Cancer Now Surpasses Heart Disease: #1 Killer of US Hispanics, New Research Reveals

By Judy Feldman on September 19, 2012 6:12 PM EDT

Cancer
Cancer Surpasses Heart Disease: #1 Killer of US Hispanics, New Research Reveals (Photo: Wiki Commons)

Cancer has now surpassed heart disease as the number one killer of American Latinos, says a new report from the American Cancer Society.

Actually, as the numbers of deaths due to heart disease are decreasing, cancer is becoming the lead killer of nearly everyone in the United States.  Cancer is considered the main cause of death amongst Asian Americans and Pacific Islanders already. It is also the leading cause of death in over a dozen states, period.  And in spite of all this horrid sounding news, and although cancer is surpassing heart disease as a trigger for death amongst many people, the death rate caused by both cancer and heart disease is actually dropping for Latinos and others.

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However, that said, and as reported by CBS, despite the fact that Latinos have some of the lowest rates of breast, colon and prostate cancer, they have some of the highest rates of cervix, gallbladder and stomach cancer. These particular types of cancers are principally caused by viruses like hepatitis B and the human papilloma virus, or can be caused by bacteria.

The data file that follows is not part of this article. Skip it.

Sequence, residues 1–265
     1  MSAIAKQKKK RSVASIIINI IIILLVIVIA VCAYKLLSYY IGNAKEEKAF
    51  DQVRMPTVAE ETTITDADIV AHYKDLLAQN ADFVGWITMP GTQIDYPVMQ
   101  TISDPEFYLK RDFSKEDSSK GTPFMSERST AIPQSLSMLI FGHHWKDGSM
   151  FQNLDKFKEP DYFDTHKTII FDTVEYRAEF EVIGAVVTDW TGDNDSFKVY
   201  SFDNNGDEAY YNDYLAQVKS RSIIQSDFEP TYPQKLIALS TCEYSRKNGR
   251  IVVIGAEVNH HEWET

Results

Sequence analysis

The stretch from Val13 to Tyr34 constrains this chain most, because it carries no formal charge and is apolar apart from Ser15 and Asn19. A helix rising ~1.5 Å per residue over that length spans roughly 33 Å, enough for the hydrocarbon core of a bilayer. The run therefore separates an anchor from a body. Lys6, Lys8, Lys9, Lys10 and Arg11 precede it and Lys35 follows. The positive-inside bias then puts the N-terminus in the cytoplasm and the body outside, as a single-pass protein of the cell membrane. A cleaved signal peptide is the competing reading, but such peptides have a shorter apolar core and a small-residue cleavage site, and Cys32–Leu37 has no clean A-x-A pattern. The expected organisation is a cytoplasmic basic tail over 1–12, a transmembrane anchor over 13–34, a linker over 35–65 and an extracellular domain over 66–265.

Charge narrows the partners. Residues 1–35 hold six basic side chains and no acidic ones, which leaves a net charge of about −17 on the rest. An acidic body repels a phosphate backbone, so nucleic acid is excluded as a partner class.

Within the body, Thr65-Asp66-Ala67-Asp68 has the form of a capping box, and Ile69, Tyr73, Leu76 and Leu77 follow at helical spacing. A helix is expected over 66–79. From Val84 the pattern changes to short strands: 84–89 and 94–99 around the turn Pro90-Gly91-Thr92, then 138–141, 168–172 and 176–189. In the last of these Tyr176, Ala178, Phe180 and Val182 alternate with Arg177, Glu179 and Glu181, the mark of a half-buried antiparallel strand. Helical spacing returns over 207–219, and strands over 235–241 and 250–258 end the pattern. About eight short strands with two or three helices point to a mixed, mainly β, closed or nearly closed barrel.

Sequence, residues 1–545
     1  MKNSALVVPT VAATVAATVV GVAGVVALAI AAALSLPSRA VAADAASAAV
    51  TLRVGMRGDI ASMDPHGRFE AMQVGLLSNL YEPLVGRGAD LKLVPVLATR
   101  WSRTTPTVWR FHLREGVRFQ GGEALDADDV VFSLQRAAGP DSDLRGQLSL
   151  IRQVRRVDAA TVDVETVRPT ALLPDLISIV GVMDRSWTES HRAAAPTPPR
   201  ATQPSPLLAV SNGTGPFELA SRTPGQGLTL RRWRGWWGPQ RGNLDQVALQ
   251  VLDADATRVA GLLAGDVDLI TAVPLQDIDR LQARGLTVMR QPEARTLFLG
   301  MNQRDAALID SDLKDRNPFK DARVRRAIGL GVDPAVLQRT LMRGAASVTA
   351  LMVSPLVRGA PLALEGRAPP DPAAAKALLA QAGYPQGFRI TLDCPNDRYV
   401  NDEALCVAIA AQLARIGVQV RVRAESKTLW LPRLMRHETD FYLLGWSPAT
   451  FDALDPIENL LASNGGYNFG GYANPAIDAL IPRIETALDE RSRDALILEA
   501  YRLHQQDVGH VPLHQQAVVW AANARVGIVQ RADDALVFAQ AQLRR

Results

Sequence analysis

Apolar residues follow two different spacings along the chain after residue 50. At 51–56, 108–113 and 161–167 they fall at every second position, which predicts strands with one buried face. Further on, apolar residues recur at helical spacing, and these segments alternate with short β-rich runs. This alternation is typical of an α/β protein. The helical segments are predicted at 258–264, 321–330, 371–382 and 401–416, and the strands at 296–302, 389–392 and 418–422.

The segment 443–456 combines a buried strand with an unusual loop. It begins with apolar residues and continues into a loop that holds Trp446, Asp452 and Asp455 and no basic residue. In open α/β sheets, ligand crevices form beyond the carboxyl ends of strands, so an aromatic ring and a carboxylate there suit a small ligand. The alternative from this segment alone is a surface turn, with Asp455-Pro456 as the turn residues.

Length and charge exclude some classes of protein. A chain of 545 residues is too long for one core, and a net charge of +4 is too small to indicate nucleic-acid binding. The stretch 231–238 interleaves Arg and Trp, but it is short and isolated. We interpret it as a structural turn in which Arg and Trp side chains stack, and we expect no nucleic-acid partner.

It's partly demographics, explains the study author Rebecca Siegel. "This is primarily driven by the young age distribution," said Rebecca Siegel, an epidemiologist at the American Cancer Society. In other words, some of the reason cancer is worst among U.S. Hispanics is because of their demographic profile in terms of age distribution, socioeconomic status and immigration history, according to the report.

Methods and strategies to help reduce rates and cancer risk among Hispanics include increasing utilization of screening and available vaccines and implementing effective interventions to reduce tobacco use, obesity and alcohol consumption.

One piece of interesting positive news, however, for Hispanics:

There is a lower incidence death rates [amongst Hispanics in the United States]  than for non-Hispanic whites for all cancers combined and for the four most common cancers (breast, prostate, lung and bronchus, and colorectum).  Hispanics are about half as likely to die from lung cancer as non-Hispanic whites. The risk of lung cancer is lower among Hispanics because they have historically been less likely to smoke cigarettes than non-Hispanic whites, according to the American Cancer Society.

The report, "Cancer Statistics for Hispanics/Latinos 2012," appears in the September/October issue of CA: A Cancer Journal for Clinicians and its companion publication, "Cancer Facts & Figures for Hispanics/Latinos, 2012-2014."  You can access and read the report, here.

© 2012 iScience Times All rights reserved. Do not reproduce without permission.

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